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Feb-2006

Producing lubes and fuels

The integration of Isocracking/Isodewaxing catalysts with process for the production of premium lubricant base oils by hydroprocessing is discussed

Charlie Wills and Art Dahlberg, Chevron Lummus Global
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Article Summary
The benefits of hydrocracking when producing feed for lubricant base stocks are well known and utilised in many plants around the world. In most cases, there is a dedicated lube hydrocracker, followed by dewaxing and finishing steps. However, the integration of a hydrocracker devoted primarily to making high-quality fuels (especially ultra-low-sulphur and low-aromatics diesel), as well as excellent feed for a dewaxing/finishing unit, is more unusual. In this dual role, Chevron Lummus Global (CLG) has exploited both process and catalyst to meet process objectives.

CLG’s first innovation is purely process based and allows the refiner to use a single configuration to make a range of base oil qualities while producing superior fuels. CLG’s patented principle is shown in Figure 1, where the configuration can be set up to produce three lube base oil feedstocks while maintaining to a large degree the desired overall conversion level for fuels. Investment to recover each stream for further Isodewaxing/Isofinishing steps can be phased to match market requirements. BPCL’s plant in Mumbai, India, the Bapco/Neste plant in Bahrain and GS-Caltex’s proposed plant in Yosu, Korea, all use this scheme to meet their specific market requirements. While this process is ideal for grass-roots plants desiring both lubes and fuels with utmost flexibility, there are situations where it is used to produce high viscosity index (V.I.) Group III base oil from an existing hydrocracker/dewaxer/ finisher unit.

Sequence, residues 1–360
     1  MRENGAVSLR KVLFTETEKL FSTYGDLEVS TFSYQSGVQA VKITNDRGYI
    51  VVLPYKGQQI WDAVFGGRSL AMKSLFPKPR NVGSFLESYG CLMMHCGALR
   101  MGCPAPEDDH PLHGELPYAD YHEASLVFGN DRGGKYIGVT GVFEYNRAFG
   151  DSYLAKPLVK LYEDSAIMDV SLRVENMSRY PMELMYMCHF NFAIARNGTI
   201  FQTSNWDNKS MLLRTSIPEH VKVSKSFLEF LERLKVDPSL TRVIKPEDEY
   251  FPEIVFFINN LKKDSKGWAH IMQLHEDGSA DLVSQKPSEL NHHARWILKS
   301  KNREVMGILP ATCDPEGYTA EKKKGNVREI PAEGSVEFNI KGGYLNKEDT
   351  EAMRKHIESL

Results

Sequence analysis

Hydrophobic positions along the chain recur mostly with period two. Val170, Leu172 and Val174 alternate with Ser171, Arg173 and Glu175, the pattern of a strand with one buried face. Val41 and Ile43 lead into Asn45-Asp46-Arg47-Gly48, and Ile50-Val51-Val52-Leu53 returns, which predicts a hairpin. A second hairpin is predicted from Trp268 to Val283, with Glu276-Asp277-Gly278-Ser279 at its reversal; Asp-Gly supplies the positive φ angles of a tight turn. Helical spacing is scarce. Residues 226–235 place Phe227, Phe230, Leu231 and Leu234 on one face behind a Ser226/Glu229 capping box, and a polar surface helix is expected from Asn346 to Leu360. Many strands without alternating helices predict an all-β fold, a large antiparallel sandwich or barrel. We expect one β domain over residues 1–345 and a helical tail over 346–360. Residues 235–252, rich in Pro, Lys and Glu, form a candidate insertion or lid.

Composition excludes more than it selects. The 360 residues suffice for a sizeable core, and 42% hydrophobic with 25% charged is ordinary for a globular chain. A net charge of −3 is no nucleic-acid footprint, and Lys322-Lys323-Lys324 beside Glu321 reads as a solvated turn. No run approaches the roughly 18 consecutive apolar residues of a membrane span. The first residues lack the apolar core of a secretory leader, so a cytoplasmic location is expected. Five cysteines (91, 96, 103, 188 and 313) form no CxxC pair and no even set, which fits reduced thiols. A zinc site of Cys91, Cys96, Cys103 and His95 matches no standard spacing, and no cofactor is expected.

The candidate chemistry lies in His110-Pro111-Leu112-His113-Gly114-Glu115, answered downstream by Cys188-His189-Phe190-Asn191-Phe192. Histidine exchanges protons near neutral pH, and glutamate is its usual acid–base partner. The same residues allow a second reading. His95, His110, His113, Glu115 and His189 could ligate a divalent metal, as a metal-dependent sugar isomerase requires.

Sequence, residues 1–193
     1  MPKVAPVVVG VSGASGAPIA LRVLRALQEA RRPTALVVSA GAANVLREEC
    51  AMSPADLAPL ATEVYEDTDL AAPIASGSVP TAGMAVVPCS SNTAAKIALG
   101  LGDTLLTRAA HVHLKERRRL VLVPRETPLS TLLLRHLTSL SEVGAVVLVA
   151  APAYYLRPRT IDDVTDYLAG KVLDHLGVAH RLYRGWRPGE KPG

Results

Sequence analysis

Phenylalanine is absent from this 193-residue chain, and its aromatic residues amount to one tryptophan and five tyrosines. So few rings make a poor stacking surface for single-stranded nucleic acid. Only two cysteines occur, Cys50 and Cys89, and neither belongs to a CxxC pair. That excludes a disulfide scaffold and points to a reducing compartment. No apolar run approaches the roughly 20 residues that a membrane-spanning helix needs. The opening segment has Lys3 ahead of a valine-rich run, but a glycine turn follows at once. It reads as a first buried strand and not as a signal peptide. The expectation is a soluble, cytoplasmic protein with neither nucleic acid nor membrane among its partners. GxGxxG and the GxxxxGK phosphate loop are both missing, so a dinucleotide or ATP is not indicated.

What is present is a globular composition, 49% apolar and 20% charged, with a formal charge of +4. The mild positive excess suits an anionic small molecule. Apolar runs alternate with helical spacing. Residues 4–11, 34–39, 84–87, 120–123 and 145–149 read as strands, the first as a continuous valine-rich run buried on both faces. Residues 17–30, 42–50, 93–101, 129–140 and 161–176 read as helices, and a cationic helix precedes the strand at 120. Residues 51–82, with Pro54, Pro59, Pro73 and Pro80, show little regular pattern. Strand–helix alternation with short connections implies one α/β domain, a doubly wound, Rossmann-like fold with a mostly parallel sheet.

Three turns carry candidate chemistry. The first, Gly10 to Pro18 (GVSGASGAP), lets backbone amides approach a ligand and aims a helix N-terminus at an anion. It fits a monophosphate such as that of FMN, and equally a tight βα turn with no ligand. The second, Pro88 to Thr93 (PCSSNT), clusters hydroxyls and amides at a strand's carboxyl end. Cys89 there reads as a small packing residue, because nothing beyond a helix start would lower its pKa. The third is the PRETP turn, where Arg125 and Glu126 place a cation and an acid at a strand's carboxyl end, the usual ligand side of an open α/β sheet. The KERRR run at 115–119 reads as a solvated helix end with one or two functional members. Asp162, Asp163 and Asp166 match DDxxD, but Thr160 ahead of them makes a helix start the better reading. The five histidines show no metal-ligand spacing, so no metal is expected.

In such cases, the refiner uses a high-conversion hydrocracker (single-stage or two-stage), which produces feedstock for manufacturing high V.I. Group III base oils. Any refiner targeting Group III is particularly interested in the V.I., Cold Cracking Simulator (CCS) and other properties of the 4cSt (@100°C) base oil. The fundamental challenge for producing suitable base oils with high-conversion hydrocracking is overcoming “droop”; that is, over a given boiling range, the lower the boiling point, the lower the viscosity and V.I. Even with typical Arabian-type VGO, it is a real challenge to produce high yields of 120+ V.I., 4cSt base oil feedstock that meet the Noack and CCS specifications necessary for premium Group III base oils.

The Isodewaxing catalysts demonstrate substantial improvement in yields and V.I. of base oils compared to previous-generation catalysts. Another breakthrough in performance was discovered when combining CLG’s latest hydrocracking catalyst, ICR 240, with the  Isodewaxing catalysts. ICR 240 is specially formulated for mid-distillate yields with exceptional qualities (smoke point, cetane), but it also flattens out the droop characteristics of the unconverted oil. The performance of ICR 240 in second-stage operation relative to typical top-of-the-line hydrocracking catalyst is shown in Figure 2. At 4cSt, a substantial V.I. boost is obtained where it is needed, even if it is lower at the higher viscosities, where a V.I. boost is not so vital.

What is surprising is that the result holds whether the unconverted oil is from the second stage of a two-stage hydrocracker or simply from a single-stage recycle operation, of which there are many worldwide. Combining these results with Isodewaxing catalysts in the dewaxing step and Isofinishing catalysts for hydrofinishing produces superior base oils that are a step above what can be produced currently. Results of extensive tests conducted at CLG’s pilot plant in Richmond, California, and at a third party confirm this performance (Table 1).

These results are being employed by two of CLG’s upcoming licensees: the BAPCO/Neste project and the GS-Caltex plant in Korea. Ongoing development for both Isocracking and lubes catalysts concentrates on improvements for use in existing plants, where increased throughputs and more difficult feeds require greater initial catalyst activity.
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